Honoured for their service, 15 Northern Ireland war veterans are awarded silver poppies
Fifteen of Northern Ireland's World War Two veterans were honoured on Friday with a commemorative silver poppy for their service ahead of Remembrance Day.
The event in Bangor Town Hall saw ex-services personnel and their families trade wartime tales and comradeship over a poignant but memorable lunch.
The men and women were then each presented with a silver poppy, designed by local artist Sarah McAleer, by pupils from Bangor Central Integrated Primary School.
One of those in attendance was John Gilpin (97) from Belfast, who served in the Royal Air Force between 1939 and 1945. John was 17 when he joined the forces, serving with RAF Bomber Command as an air gunner.
With Bomber Command being one of the most dangerous service branches, John remembers some "very dicey moments", and feeling lucky compared to other colleagues.
He said: "We got shot up a few times, crash landed, but we all walked away from it. That was life in those days, you accepted it all. Around 50,000 were lost in Bomber Command. Those are the lads to be respected.
"I've a lot of good memories too.
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"Everybody in that crew was like a brother.
"I am honoured today, it's a lovely gesture to look at all these people here together in respect."
Maureen Lightbody (94) joined the WRENs - the Women's Royal Navy Service - straight from school in 1943. As she was just 18 and her mother was a young widow, Maureen remained stationed at the Royal Hotel in Bangor as a Visual Signaller.
Unlike most, Maureen admits she had a happier experience at that time of her life than many others.
"I feel a bit of a fraud because my war in Bangor was such a happy one. I only have happy memories of the war really, never sad ones".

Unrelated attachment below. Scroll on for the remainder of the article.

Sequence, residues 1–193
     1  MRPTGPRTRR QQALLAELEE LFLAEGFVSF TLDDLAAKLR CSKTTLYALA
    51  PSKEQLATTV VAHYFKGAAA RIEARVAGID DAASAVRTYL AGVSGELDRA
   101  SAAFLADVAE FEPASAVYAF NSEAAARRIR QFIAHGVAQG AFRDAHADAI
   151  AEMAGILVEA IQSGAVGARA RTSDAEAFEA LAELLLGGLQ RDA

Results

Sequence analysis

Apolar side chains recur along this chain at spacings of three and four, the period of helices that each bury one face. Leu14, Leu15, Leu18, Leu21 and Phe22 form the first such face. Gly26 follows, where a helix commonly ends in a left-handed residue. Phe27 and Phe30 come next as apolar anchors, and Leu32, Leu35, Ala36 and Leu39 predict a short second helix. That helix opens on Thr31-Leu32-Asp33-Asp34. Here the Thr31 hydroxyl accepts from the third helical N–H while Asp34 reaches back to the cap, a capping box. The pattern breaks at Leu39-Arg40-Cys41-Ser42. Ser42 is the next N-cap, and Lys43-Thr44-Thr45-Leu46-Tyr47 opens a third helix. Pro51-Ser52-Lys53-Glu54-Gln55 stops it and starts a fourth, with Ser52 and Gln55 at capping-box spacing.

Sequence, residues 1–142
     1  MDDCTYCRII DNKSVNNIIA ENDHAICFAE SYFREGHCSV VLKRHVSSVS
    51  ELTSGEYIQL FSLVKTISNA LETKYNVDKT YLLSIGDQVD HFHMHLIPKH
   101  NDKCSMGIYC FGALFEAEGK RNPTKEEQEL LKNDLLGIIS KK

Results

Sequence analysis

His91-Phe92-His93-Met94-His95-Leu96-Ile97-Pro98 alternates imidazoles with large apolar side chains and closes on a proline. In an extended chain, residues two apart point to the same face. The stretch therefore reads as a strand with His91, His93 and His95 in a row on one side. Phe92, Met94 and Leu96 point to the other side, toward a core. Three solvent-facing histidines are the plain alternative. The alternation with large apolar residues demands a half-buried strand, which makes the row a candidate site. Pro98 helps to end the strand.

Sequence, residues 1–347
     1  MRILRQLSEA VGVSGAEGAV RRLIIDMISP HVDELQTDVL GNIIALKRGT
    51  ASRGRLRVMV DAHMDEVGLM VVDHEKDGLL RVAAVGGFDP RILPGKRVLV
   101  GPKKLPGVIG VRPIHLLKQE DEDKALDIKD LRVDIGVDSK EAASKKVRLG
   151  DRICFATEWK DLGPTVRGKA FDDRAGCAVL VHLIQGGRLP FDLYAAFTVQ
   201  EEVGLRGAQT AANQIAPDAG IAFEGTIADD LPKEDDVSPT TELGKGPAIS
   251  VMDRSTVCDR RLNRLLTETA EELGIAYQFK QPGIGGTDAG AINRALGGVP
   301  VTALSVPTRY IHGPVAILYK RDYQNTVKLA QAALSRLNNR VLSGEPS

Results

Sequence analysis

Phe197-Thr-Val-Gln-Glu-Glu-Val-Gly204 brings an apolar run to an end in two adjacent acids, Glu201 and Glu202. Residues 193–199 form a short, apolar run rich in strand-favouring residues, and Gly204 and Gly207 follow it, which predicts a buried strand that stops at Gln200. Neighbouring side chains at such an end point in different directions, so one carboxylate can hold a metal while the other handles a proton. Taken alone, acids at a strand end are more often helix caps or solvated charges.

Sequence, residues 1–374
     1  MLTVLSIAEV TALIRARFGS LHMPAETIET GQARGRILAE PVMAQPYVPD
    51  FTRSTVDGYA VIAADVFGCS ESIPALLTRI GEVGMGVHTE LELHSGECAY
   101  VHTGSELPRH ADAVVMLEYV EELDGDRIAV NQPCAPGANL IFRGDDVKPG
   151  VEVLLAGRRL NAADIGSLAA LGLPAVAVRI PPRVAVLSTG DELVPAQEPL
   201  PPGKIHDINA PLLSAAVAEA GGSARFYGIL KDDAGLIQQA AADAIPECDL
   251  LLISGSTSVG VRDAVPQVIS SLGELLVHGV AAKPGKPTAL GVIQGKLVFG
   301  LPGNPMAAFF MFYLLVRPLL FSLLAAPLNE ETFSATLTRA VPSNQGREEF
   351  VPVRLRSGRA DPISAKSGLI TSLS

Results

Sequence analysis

Norman Dickson (98) served in the Royal Engineers between 1943 and 1945.
Norman, who was previously awarded the Legion d'Honneur medal, France's highest distinction, was joined by his daughter Carol.
She said: "As he has got older it's the sad memories, the bad memories, the thought of all his friends who were killed."
Carol explained that yesterday's ceremony, organised by Ards and North Down Borough Council, was a "complete surprise", adding that her dad was "delighted when he heard he was coming, he couldn't wait to get here".
Susan Murphy collected a silver poppy on behalf of her grandfather, Basil Martin, who passed away in August at the age of nearly 105. A veteran of the RAF, he served from 1940 to 1945. While Susan admitted that it was "a pity he wasn't here to take part", she added that the whole family are "extremely proud of him" and that "he was a remarkable man".
Michael Hutchison (94) served in the Royal Navy between 1943 and 1946. The radar mechanic saw service aboard HMS Squirrel, built in Harland and Wolff, mine-sweeping the Strait of Malacca, near Malaysia.
Reflecting the modest trait of many of his generation, Michael joked that he was "not quite sure why we are being given this silver poppy. I didn't do anything special".
John Milliken (94) joined the RAF at 17 and served between 1944 and 1948.
His son Martin said the ceremony was a "proud moment" for the family and that John's silver poppy will proudly sit "in the centrepiece of the fireplace" at home.
Meanwhile, the Northern Ireland Prison Service held its annual service yesterday to honour the memory of those officers who lost their lives in the line of duty.
A wreath was laid by its director general Ronnie Armour who praised the memorial as "a reminder of the professionalism, commitment and dedication" to all those who had served.